So- this is the first step in understanding Chaitin's number. If this is interesting to you, please find a more detailed and rigorous definition before excepting this one. There are many ways to do this construction and some are easier in different situations.

Friday, November 18, 2011

Lagrange Interpolation in Haskell

Here is a naive translation of the formula for a Lagrange Polynomial into Haskell:
interp xys x = sum $ zipWith (*) ys $ map f xs where
xs = map fst xys
ys = map snd xys
f xj = product $ map (p xj) xs
p xj xm = if xj == xm then 1 else (x - xm) / (xj - xm)

This is a cool little function- given a set of points, and a new point not in the set (list), it will give the value of that new point as interpolated by a Lagrange Polynomial- the polynomial of the least degree that is the value for y for each value x in the given list.

I've done symbolic regression with Gene Expression Programming, where you find a polynomial of arbitrary degree to fit a set of points, so it is cool to me to see such a simple function to compare against that is guaranteed to be of the lowest possible order.

McCarthy's 91 Function in Haskell

I've been reading a lot of articles on wikipedia on different topics of the theory of computation today, and I happened across one on the McCarthy 91 function. This function over the natural number is very simple- f(n) = n - 10 if n > 100 and f(n) = M(M(n + 11)) otherwise.

A proof that M(n) = 91 for all 0 >= n > 101 in Haskell is pretty concise:
m n | n > 100 = n - 10 | otherwise = m $ m $ n + 11
all ((91 ==) . m) [0..101]
Which evaluates to true.

Thursday, November 17, 2011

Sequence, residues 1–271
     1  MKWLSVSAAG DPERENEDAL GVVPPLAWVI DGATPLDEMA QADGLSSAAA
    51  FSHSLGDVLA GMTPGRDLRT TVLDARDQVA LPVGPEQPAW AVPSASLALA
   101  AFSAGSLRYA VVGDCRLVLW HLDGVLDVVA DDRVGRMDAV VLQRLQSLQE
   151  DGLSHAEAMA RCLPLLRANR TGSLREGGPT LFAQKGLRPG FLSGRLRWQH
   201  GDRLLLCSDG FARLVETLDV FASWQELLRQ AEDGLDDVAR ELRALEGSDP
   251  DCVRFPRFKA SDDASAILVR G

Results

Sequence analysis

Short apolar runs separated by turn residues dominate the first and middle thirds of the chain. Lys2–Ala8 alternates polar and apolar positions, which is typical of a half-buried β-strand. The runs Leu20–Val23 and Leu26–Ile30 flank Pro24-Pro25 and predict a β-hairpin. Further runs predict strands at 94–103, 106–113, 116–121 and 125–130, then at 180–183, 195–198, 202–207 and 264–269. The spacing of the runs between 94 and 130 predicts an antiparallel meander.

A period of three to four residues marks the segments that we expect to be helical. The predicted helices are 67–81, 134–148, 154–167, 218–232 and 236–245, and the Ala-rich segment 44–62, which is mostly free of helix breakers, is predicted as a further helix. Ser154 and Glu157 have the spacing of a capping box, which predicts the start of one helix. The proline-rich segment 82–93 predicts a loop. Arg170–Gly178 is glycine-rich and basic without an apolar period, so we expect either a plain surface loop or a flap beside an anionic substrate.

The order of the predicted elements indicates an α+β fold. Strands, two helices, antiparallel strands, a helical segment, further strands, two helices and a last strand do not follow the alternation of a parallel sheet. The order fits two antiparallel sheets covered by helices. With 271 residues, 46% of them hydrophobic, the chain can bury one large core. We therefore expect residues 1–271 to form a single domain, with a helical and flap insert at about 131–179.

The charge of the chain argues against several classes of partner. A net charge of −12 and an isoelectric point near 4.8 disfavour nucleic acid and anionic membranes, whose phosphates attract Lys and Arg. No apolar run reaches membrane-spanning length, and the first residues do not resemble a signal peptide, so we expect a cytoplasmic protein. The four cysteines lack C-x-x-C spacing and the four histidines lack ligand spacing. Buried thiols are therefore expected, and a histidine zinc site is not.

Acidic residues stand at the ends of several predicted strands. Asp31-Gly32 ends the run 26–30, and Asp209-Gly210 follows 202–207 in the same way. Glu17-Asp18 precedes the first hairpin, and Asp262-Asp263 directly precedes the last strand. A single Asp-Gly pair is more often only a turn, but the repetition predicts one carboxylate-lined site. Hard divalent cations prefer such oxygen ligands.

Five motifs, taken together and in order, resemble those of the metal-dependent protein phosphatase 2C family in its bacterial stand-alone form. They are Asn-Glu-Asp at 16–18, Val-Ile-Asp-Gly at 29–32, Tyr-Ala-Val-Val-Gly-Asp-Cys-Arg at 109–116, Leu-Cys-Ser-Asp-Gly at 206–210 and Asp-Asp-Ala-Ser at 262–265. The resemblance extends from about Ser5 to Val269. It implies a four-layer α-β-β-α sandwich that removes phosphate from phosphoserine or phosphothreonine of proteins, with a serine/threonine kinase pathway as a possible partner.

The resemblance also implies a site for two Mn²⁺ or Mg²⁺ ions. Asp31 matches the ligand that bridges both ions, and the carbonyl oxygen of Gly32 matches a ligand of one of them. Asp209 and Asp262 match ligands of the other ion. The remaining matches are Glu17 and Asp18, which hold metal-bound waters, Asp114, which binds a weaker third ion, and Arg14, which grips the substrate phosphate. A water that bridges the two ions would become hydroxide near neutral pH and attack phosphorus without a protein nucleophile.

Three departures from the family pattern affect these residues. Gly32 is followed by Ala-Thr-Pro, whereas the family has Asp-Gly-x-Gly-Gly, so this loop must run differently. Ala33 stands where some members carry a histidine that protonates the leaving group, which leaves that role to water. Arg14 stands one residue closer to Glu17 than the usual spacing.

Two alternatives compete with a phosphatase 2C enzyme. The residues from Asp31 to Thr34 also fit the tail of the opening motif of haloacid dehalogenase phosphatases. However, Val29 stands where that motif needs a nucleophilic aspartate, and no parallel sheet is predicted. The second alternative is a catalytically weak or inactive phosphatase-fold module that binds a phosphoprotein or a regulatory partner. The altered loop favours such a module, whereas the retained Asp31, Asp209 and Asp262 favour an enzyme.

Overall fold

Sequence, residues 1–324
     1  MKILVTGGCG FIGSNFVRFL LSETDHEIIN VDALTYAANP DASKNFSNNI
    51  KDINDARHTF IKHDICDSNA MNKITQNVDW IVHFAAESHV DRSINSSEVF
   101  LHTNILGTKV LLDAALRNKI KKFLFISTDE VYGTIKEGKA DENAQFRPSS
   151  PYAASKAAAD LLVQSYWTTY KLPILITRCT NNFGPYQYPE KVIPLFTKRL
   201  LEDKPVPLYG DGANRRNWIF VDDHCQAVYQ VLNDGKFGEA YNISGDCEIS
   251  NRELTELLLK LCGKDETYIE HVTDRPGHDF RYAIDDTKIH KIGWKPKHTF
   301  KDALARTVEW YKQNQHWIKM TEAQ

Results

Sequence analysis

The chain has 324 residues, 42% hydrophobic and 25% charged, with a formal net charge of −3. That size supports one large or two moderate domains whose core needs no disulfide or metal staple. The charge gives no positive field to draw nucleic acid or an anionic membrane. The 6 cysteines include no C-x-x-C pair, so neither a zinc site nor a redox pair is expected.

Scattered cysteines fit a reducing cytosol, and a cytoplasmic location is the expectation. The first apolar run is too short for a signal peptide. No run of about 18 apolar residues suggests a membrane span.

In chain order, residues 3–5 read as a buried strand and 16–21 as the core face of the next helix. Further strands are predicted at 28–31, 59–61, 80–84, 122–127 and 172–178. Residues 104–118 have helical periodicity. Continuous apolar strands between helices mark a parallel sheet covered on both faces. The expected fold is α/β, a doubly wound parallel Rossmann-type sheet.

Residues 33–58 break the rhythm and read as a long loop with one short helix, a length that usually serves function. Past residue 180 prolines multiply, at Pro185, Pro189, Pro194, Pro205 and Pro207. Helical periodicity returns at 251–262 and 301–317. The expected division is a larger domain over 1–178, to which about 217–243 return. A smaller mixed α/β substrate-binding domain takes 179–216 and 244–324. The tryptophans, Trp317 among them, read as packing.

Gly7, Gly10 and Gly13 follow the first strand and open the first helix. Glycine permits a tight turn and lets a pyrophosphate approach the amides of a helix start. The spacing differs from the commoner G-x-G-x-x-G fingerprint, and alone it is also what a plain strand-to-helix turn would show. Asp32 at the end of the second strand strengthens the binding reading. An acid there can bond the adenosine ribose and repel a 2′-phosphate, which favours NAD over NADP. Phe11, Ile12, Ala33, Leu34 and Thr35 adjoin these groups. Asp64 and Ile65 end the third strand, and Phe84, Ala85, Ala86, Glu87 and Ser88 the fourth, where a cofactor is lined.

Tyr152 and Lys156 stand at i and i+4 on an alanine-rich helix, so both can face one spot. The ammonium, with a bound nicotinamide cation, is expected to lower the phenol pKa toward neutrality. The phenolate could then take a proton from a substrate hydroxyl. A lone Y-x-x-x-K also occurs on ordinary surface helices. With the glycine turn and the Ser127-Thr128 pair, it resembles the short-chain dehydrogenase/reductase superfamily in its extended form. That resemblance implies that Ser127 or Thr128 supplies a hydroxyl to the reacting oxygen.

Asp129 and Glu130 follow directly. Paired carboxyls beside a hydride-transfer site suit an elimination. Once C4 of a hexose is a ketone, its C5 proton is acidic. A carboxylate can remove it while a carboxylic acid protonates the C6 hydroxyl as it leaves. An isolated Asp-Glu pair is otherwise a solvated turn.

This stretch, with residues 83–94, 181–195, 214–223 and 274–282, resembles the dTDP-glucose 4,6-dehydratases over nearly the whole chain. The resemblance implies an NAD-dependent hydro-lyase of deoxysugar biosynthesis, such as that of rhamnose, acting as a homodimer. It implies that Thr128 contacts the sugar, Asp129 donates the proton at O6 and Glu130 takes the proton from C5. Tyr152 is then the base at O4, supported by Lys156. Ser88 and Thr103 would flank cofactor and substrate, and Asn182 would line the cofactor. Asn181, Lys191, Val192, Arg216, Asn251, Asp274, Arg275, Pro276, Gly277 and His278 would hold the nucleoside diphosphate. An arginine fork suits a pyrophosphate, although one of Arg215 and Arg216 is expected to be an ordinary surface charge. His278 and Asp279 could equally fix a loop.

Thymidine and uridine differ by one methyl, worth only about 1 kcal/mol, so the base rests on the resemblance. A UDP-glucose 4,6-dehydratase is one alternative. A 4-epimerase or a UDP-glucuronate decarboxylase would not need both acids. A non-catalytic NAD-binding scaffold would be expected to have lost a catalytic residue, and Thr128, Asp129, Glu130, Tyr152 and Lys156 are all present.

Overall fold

Hiding the Implementation of a Struct in C

As a novice C programmer, I've been learning a lot of interesting things lately. One thing I've just learned is that you can hide the implementation of a struct by declaring it as a typedef for a struct that does not exist, and then using only pointers to it in the header file. The actual struct is defined in the implementation file, and its internal structure is completely hidden. The only problem with this of course is that you must provide some way of getting and setting fields in the structure, which is a pain Java programmers know well.

In the .h file you might have a line like:

typedef struct Point_t Point;

Which is implemented in the .c file as:

struct Point_t {
int x;
int y;
Then you need functions like:

int point_get_x(Point *point) {return point->x;}
int point_get_y(Point *point) {return point->y;}
void point_set_x(Point *point, int x) {point->x = x;}
void point_set_y(Point *point, int y) {point->y = y;}

So, why would we go through all this trouble just to hide things from users? First off, some people really like hiding things from other people- its easier to change implementation details and it can assist separation of concerns. On the other hand, it can also make code hard to understand and debug, and take control away from the user. On yet a third hand, it may be necessary for structural reasons like something I ran into recently.